my mother mimes cutting her hair on the edge of the world
her fingers the scissors
maple tree leaves
dripping pancakes and tenderness
the smile eclipses something below the kidney
never sure of geography
a new sweater
the colour of her longing
down to my ankles
done with wishing i was taller
a bus to the recycling depot
where we go for snow cones
Friday October 2, 2015 at Prado Cafe on Commercial
Richard C. Frances
My mother makes the bed with tucked in corners. That generation’s dying, right? No one does that anymore. No one teaches their children how to do that… Maybe nurses, or hotel workers, or… I don’t know. When she comes to visit she brings cake from scratch and flowers from Costco. She calls the week before to ask Lindy what kind of cake she wants. Lindy takes her time deciding – chocolate, or lemon, or pound cake, or strawberry shortbread. I let Lindy decide, without interrupting, or adding in my preference. The doctor says that it’s good for her to make choices without interference. I get on the phone after and ask my mother what time she’ll arrive. “I’ll leave Ottawa first thing so I should be at yours by afternoon?” “Yours”. Who says that anymore? “Sounds good, Mum.” I say. “Sounds good, Mum.” Lindy parrots.
Monday September 14, 2015
from a tube of hand cream
When Willa’s mother calls, she considers not answering. It would only be the second time. Bill says, “If you need to get it, don’t worry. It’s okay…” She steps out onto the porch and slides her finger across the screen.
“Yes – ”
“They’ve come to take me and I refuse to go!”
“Mom, where are you?”
“In my chair!”
“Who is there?”
“Those men in the hockey equipment!”
“Mom, what are you – ”
“I’m scared, Willa. Please come pick me up?”
“I can’t right now. I’m busy.”
“What would you have done that time you had the chicken pox and you were visiting the Petting Zoo? What would you have done if I didn’t come to pick you up?”
“I was five.”
“Did you call Roberta?”
“Who is that?”
“No. I don’t know anyone by that name.”
“She’s been coming every day for the past six years, Mom.”
Thursday September 10, 2015
from Sasha’s transcriptions
three hundred and
rays of light
where my mother’s hand
she’s sat on a stool
that we found by the side of
wood worn for sitting bones
pumping the pedal
a handful of crickets
my fall dress
Tuesday, July 7, 2015
A Complicated Kindness
My mother hates to see me cry. She doesn’t hate to offer me money, or sneak a 50 in my coat pocket when she thinks I’m not looking, even though she knows those exact things will make me cry, but when I start with the tears, it breaks her abundant heart. She doesn’t want to make me feel bad. She just wants to love me. But I feel bad because I’m self-hating and dramatic, and I cause trouble where there doesn’t need to be. She wishes I could see me how she sees me and that only means so much since I’m her baby and she’d look at me and see Mother Theresa even if I burned an entire nursery school with the children still in it to the ground. I know this because when I told her I had deep, steadfast, secret thoughts about poisoning Auntie Ellis because she scolded me in public one time, she put her arms around me and she squeezed me with so much love that I started to cry. Then she wiped my face with her kisses and said, “I would want to do the same thing if I were you.”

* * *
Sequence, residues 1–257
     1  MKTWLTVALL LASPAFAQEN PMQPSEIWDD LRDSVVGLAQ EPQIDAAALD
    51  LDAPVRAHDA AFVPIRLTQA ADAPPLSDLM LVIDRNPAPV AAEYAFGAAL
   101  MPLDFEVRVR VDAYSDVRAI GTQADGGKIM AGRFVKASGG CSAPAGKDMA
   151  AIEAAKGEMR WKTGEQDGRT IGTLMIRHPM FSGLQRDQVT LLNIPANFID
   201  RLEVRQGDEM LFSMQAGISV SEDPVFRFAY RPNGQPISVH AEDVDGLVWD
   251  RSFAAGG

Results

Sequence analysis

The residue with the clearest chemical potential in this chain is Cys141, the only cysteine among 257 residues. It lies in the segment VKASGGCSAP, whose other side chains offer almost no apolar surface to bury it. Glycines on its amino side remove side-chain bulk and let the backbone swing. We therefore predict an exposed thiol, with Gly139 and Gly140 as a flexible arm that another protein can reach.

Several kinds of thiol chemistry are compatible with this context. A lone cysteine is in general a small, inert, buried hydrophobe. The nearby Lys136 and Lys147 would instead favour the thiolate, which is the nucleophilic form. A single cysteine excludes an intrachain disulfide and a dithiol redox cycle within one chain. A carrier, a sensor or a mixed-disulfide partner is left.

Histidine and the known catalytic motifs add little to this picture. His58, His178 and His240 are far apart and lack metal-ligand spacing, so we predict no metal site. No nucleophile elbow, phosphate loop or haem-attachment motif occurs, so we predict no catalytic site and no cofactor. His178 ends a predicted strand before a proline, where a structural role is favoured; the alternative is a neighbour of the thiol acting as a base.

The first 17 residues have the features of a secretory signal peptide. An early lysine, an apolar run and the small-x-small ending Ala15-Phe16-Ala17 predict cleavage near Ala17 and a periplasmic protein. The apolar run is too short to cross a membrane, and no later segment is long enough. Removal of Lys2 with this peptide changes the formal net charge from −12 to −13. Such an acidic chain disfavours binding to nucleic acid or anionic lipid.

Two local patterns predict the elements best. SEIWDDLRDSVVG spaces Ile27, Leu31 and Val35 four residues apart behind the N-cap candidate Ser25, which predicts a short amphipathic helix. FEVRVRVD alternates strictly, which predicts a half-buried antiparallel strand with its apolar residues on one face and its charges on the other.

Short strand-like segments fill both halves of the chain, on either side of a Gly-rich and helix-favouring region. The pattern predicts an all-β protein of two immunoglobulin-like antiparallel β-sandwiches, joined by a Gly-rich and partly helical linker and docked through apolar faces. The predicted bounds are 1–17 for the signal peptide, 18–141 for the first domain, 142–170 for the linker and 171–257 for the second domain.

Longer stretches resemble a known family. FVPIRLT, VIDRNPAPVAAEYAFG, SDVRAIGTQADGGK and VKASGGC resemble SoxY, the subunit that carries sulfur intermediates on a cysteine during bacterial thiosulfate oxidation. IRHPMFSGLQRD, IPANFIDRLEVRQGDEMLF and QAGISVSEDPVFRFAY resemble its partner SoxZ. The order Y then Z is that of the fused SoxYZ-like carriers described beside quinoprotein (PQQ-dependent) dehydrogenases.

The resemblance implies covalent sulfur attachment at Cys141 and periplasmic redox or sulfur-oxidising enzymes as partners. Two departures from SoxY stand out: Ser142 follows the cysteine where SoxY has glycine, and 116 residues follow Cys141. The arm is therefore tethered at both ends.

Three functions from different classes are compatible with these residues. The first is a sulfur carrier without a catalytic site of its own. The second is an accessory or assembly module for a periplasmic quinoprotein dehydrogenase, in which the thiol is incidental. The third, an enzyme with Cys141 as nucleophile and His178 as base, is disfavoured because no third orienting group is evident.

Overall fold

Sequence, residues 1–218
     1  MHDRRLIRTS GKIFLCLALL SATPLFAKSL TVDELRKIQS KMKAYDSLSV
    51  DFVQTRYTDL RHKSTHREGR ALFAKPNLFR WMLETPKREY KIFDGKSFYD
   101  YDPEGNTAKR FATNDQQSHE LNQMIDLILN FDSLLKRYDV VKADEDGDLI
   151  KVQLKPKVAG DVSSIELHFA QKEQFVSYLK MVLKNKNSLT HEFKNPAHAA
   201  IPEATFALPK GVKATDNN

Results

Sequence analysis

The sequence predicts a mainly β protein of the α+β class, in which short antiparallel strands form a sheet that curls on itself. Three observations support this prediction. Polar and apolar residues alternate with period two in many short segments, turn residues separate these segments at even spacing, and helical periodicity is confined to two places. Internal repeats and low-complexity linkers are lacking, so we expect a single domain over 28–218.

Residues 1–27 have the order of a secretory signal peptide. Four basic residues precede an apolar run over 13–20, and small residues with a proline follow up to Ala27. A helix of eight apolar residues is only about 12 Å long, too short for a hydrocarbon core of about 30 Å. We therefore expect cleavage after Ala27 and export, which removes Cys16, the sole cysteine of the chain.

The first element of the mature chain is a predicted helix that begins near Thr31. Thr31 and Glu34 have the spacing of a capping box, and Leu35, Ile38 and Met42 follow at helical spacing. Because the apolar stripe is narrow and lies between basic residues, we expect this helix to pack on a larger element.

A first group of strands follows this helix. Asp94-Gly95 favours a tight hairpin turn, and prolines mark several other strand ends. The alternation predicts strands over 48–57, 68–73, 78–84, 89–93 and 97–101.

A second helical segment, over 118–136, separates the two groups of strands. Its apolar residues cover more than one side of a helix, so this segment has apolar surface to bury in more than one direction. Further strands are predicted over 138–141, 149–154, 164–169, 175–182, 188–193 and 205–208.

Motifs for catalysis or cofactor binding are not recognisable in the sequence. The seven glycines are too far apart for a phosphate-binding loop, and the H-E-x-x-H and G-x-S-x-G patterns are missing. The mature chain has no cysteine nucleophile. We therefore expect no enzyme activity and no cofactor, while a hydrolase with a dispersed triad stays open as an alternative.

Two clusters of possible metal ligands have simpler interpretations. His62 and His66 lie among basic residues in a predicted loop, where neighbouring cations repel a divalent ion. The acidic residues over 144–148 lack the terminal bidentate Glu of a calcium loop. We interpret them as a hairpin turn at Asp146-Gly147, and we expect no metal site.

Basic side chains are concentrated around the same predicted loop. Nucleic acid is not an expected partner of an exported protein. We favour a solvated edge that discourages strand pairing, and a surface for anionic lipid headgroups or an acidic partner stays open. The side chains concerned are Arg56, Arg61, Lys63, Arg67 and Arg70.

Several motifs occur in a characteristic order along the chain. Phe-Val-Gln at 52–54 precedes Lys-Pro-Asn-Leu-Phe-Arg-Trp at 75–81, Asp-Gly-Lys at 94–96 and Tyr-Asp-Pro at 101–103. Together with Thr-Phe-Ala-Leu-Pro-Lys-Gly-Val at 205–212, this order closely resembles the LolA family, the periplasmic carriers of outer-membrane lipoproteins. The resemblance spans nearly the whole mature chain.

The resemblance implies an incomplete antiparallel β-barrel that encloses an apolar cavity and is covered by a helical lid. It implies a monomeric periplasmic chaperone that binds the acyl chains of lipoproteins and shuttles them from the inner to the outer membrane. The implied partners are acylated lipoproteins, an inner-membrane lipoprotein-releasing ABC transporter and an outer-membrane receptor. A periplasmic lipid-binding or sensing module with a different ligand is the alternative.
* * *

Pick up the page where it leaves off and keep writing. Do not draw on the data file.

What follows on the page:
Thursday June 4, 2015
She wakes up early in the morning, before the sun does, before the man does. He sleeps like a bear anyway. He wouldn’t notice if the house was on fire. He wouldn’t notice if his testicles were dipped in hydrochloric acid. For the record she has considered both options. She decides on sneaking her babies out without causing any physical pain. She doesn’t want to add to her little ones’ suffering. God knows they’be been through enough. She dresses her sleeping children as best she can. Georgia’s eyes flap open and she knows if she’s to wake anyone, Georgia’s the best one. She loves secrets. She’ll be good at helping her get the other two ready. She doesn’t even worry about the snoring bear. Georgia is quiet but she is curious. She puts her fingers to her lips and smiles with her eyes.
Thursday April 30, 2015
from a magazine article
Nikki won Miss Bellingtown when she was eight years old and it was all downhill from there. “Shit,” she says, whenever she thinks about that. Wearing her crown, her ribbon and a blue terry cloth robe, she puts wet food down for Hushie. She recently turned twenty seven. She’s never drank a real gin and tonic, she’s never gone on a camping trip and the most intimate conversations she has are with Hushie. She calls her mother on the rotary phone, as she does every Sunday. “Mom, it’s Nik. Call me – ” And Tasha picks up the phone, out of breath, the answering machine clicking on, recording their conversation. “Nikki! The chive flowers are blooming! You’ve gotta come down here and see ’em. They’re your favourite colour of purple!” Tasha’s boyfriend, Camerson, recently moved in with her. Ever since, when they speak, Tasha half shouts. “Why are you yelling, Mom?” Nikki asks, knowing the answer. Her mother finally found love, after seventeen and a half years of looking. “Camerson says HI!” Tasha wishes her daughter would get dressed. “Why don’t you go out for a coffee with a galpal?!” “What are you talking about…” “Put some clothes on, goddamnit, and take off that stupid crown!” “I’m not wearing a crown!” “Don’t lie to me Nicole.”